Libya is debate’s first question — and question left unanswered


The biggest question left after the foreign policy debate Monday night might  be about the questions left unasked: What happened to Libya?

Republicans have made last month’s deadly consulate attack in Libya a major  point of contention in questioning Obama’s record abroad, and Romney on the  campaign trail has accused Obama of not telling a straight story to the American  people about what happened.

But although moderator Bob Schieffer of CBS News raised the topic of the  Sept. 11 attack in Libya in his first question onstage Monday in Boca Raton,  Fla., Romney and then Obama instead responded by broadening the topic to Al  Qaeda, the Arab Spring and the Middle East.

Romney only mentioned Libya once, saying that the attack was carried out  “apparently by, I think we know now, by terrorists of some kind against our  people there.”

He went on to “congratulate (Obama) on taking out Usama bin Laden and going  after the leadership in Al Qaeda. But we can’t kill our way out of this mess.  We’re going to have to put in place a very comprehensive and robust  strategy.”

Ambassador Chris Stevens and three other Americans were killed in the attack  in Benghazi, Libya. The Obama administration has faced criticism for its  changing explanation of the attack, in particular claims that it was a  “spontaneous” outgrowth of protests over an anti-Islam film.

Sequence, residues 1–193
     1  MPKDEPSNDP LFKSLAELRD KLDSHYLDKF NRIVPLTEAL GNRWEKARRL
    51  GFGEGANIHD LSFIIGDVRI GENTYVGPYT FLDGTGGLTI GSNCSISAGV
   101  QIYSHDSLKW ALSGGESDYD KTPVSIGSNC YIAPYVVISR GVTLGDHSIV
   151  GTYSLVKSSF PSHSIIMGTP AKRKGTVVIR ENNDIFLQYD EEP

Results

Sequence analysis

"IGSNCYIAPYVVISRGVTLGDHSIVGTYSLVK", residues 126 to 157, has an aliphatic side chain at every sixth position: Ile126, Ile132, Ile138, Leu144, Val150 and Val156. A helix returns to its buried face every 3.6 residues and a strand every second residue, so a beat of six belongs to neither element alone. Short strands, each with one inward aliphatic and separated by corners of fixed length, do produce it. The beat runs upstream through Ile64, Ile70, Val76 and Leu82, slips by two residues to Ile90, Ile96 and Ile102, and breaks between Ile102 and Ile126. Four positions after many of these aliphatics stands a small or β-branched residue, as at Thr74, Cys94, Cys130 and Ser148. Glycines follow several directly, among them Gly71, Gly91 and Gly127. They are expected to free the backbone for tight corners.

Intelligence officials still are looking at the possibility that the film  played a role in sparking the attack, and it isn’t clear how long the attackers  had been planning the assault on the consulate — though some reports say it may  have come together in a matter of hours.

In the debate, Obama briefly defended his administration’s response to the  attack.

“As I indicated in the last debate, when we received that phone call, I  immediately made sure that, number one, that we did everything we could to  secure those Americans who were still in harm’s way; number two, that we would  investigate exactly what happened, and number three, most importantly, that we  would go after those who killed Americans and we would bring them to justice.  And that’s exactly what we’re going to do,” he said.

Even so, Republicans praised Romney’s performance.

“Governor Romney came in here tonight and showed he was presidential,” Florida Sen. Marco Rubio said after the debate. “The president was small. … Only  Mitt Romney spoke and acted like a president.”

Joe Trippi, a former campaign manager for Democrat Howard Dean, told Fox News  that Romney’s strategy was “not to let Obama paint him as the reckless guy who’s  going to take us to war.”

“I just want to call this debate the ‘big hug,’” Trippi said, noting examples  in the debate of Romney agreeing with Obama’s foreign policy. “But I think the  president had the edge.”

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